In the 1940s, the humble dial tone made its debut. For telephone users accustomed to a stony silence that left them unsure if their calls were going through, this was a welcome change. It also rang in a new era of access, where the U.S. government committed to bring every American a basic connection to the phone network, and required the phone system to operate under common-carriage rules, which required it to treat all calls and callers equally.
Today, access to high-speed Internet service is the dial tone of the last century — and, for many of us, it’s a non-issue. It’s in our offices, our coffee shops and, regrettably for parents of teenagers, on our cell phones.
But, as freshman Sen. Elizabeth Warren (D-Mass.) might say, the system is rigged. Fully one-third of Americans can’t afford high-speed Internet. The rest are overpaying for substandard service in a so-called market that has been carved up by cable and telecom monopolists.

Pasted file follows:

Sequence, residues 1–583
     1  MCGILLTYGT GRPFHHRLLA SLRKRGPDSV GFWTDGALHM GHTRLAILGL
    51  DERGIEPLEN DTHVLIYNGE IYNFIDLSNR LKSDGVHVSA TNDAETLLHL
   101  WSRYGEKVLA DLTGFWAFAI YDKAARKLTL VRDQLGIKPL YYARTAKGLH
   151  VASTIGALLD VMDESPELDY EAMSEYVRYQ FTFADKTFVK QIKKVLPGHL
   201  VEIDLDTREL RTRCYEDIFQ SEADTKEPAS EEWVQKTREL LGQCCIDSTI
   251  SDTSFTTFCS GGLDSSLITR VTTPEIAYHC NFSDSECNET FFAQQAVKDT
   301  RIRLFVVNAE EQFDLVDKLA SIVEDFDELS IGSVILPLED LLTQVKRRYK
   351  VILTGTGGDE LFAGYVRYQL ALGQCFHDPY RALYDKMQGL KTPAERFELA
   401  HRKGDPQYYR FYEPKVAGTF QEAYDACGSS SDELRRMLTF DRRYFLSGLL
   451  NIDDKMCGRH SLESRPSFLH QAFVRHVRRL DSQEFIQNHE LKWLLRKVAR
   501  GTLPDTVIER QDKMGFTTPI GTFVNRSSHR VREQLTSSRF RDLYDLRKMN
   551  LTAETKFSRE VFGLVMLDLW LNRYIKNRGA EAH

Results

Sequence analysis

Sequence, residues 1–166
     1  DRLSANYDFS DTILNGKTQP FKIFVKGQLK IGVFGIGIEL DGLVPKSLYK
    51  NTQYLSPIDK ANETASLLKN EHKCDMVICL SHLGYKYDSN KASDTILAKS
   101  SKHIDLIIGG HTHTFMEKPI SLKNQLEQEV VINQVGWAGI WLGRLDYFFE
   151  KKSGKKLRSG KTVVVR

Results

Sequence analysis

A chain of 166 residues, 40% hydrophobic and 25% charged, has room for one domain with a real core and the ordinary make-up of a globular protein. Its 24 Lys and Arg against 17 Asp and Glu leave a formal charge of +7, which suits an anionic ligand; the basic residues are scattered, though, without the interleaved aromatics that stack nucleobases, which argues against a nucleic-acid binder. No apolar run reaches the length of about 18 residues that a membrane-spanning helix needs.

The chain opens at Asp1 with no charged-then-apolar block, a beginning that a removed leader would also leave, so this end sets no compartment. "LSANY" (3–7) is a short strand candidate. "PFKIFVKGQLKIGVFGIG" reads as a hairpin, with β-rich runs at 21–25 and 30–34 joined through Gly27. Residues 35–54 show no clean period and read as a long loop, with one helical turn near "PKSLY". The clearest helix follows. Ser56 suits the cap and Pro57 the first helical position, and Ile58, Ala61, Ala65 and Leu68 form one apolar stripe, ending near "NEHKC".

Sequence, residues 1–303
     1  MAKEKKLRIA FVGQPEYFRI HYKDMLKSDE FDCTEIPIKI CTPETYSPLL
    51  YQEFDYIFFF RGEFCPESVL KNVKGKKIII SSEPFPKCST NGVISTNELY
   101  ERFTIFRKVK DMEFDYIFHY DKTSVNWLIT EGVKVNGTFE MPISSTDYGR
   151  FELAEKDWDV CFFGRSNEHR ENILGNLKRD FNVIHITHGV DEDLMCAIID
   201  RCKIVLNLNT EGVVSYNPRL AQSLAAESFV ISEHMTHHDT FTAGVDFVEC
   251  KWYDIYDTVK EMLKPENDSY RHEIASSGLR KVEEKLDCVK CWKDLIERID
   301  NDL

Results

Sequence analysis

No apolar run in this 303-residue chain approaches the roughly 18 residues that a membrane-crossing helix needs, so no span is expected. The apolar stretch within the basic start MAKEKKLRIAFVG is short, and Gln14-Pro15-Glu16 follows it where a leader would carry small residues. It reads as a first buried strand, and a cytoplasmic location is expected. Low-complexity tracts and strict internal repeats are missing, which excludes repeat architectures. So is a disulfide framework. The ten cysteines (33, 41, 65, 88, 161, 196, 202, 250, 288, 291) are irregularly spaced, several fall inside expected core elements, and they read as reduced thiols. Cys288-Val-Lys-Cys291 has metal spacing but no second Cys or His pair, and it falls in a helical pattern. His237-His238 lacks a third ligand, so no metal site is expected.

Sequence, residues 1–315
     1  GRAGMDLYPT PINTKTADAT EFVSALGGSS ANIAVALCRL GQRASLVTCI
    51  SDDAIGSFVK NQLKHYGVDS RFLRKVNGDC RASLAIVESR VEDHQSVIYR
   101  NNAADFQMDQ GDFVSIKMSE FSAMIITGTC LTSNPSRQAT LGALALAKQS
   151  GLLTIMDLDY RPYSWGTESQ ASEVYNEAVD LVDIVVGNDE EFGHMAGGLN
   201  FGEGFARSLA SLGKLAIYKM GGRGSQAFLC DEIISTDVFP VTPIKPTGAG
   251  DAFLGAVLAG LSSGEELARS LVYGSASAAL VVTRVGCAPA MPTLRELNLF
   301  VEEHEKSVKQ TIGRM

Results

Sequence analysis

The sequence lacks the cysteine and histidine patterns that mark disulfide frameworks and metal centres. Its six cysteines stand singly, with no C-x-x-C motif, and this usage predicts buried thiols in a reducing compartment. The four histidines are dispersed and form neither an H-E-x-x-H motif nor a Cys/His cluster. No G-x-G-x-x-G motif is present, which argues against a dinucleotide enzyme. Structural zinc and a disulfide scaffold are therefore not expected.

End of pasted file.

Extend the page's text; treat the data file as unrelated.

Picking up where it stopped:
This has led to an increasing digital divide. According to the Pew Research Center’s Internet & American Life Project, the one in five adults who still does not use the Internet is more likely to be older, less educated, and low-income, and less likely to speak English as a native language.
Comcast, AT&T and Verizon have bought their way in Washington and stymied regulators in the courts, successfully weakening nearly all protections for consumers and the public interest. This doesn’t just threaten American pocketbooks. It threatens American democracy. Media giants use their market power to dominate telecommunications start-ups, stifling entrepreneurship. They’re waging war on the concept of “net neutrality,” which would prevent broadband providers from blocking sites or competing applications so that consumers have equal access to all information.
Worst of all, these corporate conglomerates are increasingly using their market power to dominate content businesses. A handful of media giants are controlling not only how we access information but also what information we have access to.
Enter Susan Crawford, a leading telecommunications policy expert and longtime champion of net neutrality. She promotes a reasonably priced, globally competitive, ubiquitous communications infrastructure that enables American competition and innovation. Above all, she is committed to making high-speed Internet access a universal, affordable resource.
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